Jan 31 2011

Imbolc: First Light in the Dark of Winter

(2 pm. – promoted by ek hornbeck)

Although you’d never know it if you looked out your window here in the Northeast and throughout a good part of the northern hemisphere, we are nearing the midpoint between winter solstice and the vernal equinox. The Sun is noticeably rising earlier and setting later. It is a pleasure to take my early morning shower in daylight and start dinner preparation with daylight still illuminating the kitchen. There are seed catalogs arriving in the mail which has me contemplating the flower beds, the herb garden and maybe this year some vegetables.

In the traditions of Pagan and Wiccan religions, we celebrate this changing season as Imbolc, or Candlemas, which begins on January 31st, February Eve, and ends on February 2nd, a time of rebirth and healing. Imbolc is one of the eight Wiccan Sabbats of the Wheel of the Year, one of the four cross-quarter fire festivals. Brighid, the patroness of poetry and healing, is the Pagan Goddess associated with Imbolc.

Some of the traditions are the lighting of fires, decorating with red and white symbolizing the snow and the rising sun and green for new growth. Candles are lit in all the rooms of the house. Fires places and hearths are cleaned out of ashes and fires are lit. Since there is still snow drifts in my backyard, the fireplace will be just fine.

The symbols are ewes and lambs since Imbolc is derived from a Celtic word, “oimelc”, meaning ewe’s milk. Many of the foods that are serves are lamb, cheese, poppyseed muffins, cakes and breads. Dishes are seasoned with bay leaves and dried basil.

In rural places where farming is still a way of life, ploughs are decorated with flowers and then doused with whiskey. I know most of us have better things to do with whiskey. Sometimes the plough is dragged from door to door by costumed children asking for food and money, a kind of wintry “trick or treat”. Some traditional gifts, if your going to a friends house to celebrate, are garden tools, seeds and bulbs.

The Maiden is also honored as the “Bride” on this Sabbat. Straw corn dollies are created from oat or wheat straw and placed in baskets with white flower bedding. The older women make special acorn wands for the dollies to hold. The wands are sometimes burned in the fireplace and in the morning, the ashes in the hearth are examined to see if the magic wands left marks as a good omen. A new corn broom is place by the front door to symbolize sweeping out the old and welcoming the new.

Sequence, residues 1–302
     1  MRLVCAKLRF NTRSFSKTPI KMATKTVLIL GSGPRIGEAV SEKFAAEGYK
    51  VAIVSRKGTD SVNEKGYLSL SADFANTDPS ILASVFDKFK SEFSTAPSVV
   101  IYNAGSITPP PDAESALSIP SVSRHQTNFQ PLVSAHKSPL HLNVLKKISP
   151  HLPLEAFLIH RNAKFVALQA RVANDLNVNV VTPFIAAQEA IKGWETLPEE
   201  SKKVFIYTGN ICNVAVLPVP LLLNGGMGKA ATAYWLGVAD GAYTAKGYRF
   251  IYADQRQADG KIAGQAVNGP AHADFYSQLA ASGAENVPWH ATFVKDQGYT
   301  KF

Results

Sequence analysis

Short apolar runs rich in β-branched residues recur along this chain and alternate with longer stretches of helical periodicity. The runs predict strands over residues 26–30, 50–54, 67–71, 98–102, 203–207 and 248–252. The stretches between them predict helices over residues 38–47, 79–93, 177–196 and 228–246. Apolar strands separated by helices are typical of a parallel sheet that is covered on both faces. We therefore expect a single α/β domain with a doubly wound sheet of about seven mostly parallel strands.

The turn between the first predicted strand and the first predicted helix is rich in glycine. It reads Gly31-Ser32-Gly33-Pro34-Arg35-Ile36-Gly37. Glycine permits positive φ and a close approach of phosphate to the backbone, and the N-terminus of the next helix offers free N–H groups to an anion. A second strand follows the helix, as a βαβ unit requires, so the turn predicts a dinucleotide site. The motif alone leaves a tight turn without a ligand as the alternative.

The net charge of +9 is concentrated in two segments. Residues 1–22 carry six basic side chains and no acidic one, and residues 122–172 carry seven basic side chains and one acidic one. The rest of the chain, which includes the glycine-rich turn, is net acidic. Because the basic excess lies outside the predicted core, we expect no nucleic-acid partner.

Non-Pagans celebrate February 2nd as Ground Hog’s Day, a day to predict the coming weather, telling us that if the Groundhog sees his shadow, there will be ‘six more weeks’ of bad weather. It actually has ancient roots, weather divination was common to Imbolc, and the weather of early February was long held to be a harbinger of spring. On Imbolc, the crone Cailleach‘s grip of winter begins to loosen. She goes forth in search of kindling so that she may keep her fires burning and extend the winter a little longer. If Imbolc is rainy and cloudy, she will find nothing but twigs unsuitable for burning and will be unable to prolong the winter. If the day is dry and kindling is abundant, she will have plenty of fuel to feed her fire and prolong the cold of winter. Spring will be very far away. As an old British rhyme tells us that, “If Candlemas Day be bright and clear, there’ll be two winters in the year.”

Whatever you celebrate or believe, let us all hope that that the local groundhog doesn’t see his shadow and there is only one winter this year. I have nowhere else to pile the snow.

Blessed Be.


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  1. TMC
  2. Translator, aka Dr. David W. Smith

    and am glad that this is so.  It looks like we here in the Bluegrass are going to dodge the really nasty storm that is gathering, so I think that I will go out tomorrow and burn some of the downed limbs from this winter.  The ground, at least at the surface, is saturated right now, so no danger of the fire getting away, UNLESS the high winds from the south come sooner than predicted.

    If I can find something red to wear, I shall.  I have a green flannel shirt that I will certainly wear.  I am not a religious person in any sense of the word, but I do think that traditions that are older than written history have some meaning.

    Warmest regards,


  3. TMC

    or even believe in a “higher being” to practice the “old ways” and enjoy the connection with our “home”. The wheel of the seasons and time turn regardless of mythical beliefs.  

  4. Translator, aka Dr. David W. Smith

    I very much appreciate all of your kind support, for such a long time.

    Warmest regards,


  5. Translator, aka Dr. David W. Smith

    going well.  Youngest Son was almost busted for pot, but the former Mrs. Translator talked the police out of it.  They are both fried, and she does not need any more stress than she already has.  If I were a better husband and father, it would not have happened.  I do not know what to do.  I certainly am a failure.


  6. TMC

    that isn’t true and you don’t know that this would have not happened even if you had been there. Children do a lot of things that parents can’t control. Stop blaming yourself for things you can’t control. Your youngest son has his own mistakes to make. I know you probably did. I know I sure did and pot was the least of it.

    Lighten up on yourself.

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